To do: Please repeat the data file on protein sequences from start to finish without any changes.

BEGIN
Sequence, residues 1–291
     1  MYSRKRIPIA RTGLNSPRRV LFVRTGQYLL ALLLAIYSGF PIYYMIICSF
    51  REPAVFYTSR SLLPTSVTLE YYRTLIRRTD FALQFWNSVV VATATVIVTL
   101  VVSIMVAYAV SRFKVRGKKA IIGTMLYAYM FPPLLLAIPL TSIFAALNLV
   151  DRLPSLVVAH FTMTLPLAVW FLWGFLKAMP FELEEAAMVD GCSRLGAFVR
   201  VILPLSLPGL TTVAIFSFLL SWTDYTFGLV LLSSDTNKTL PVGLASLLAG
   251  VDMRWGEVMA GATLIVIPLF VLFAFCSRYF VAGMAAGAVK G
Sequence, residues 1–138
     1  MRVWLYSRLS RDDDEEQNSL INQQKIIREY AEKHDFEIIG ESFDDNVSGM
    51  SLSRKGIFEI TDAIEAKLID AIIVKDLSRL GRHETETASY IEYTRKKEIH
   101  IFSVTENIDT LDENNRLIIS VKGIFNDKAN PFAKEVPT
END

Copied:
Sequence, residues 1–291
     1  MYSRKRIPIA RTGLNSPRRV LFVRTGQYLL ALLLAIYSGF PIYYMIICSF
    51  REPAVFYTSR SLLPTSVTLE YYRTLIRRTD FALQFWNSVV VATATVIVTL
   101  VVSIMVAYAV SRFKVRGKKA IIGTMLYAYM FPPLLLAIPL TSIFAALNLV
   151  DRLPSLVVAH FTMTLPLAVW FLWGFLKAMP FELEEAAMVD GCSRLGAFVR
   201  VILPLSLPGL TTVAIFSFLL SWTDYTFGLV LLSSDTNKTL PVGLASLLAG
   251  VDMRWGEVMA GATLIVIPLF VLFAFCSRYF VAGMAAGAVK G
Sequence, residues 1–138
     1  MRVWLYSRLS RDDDEEQNSL INQQKIIREY AEKHDFEIIG ESFDDNVSGM
    51  SLSRKGIFEI TDAIEAKLID AIIVKDLSRL GRHETETASY IEYTRKKEIH
   101  IFSVTENIDT LDENNRLIIS VKGIFNDKAN PFAKEVPT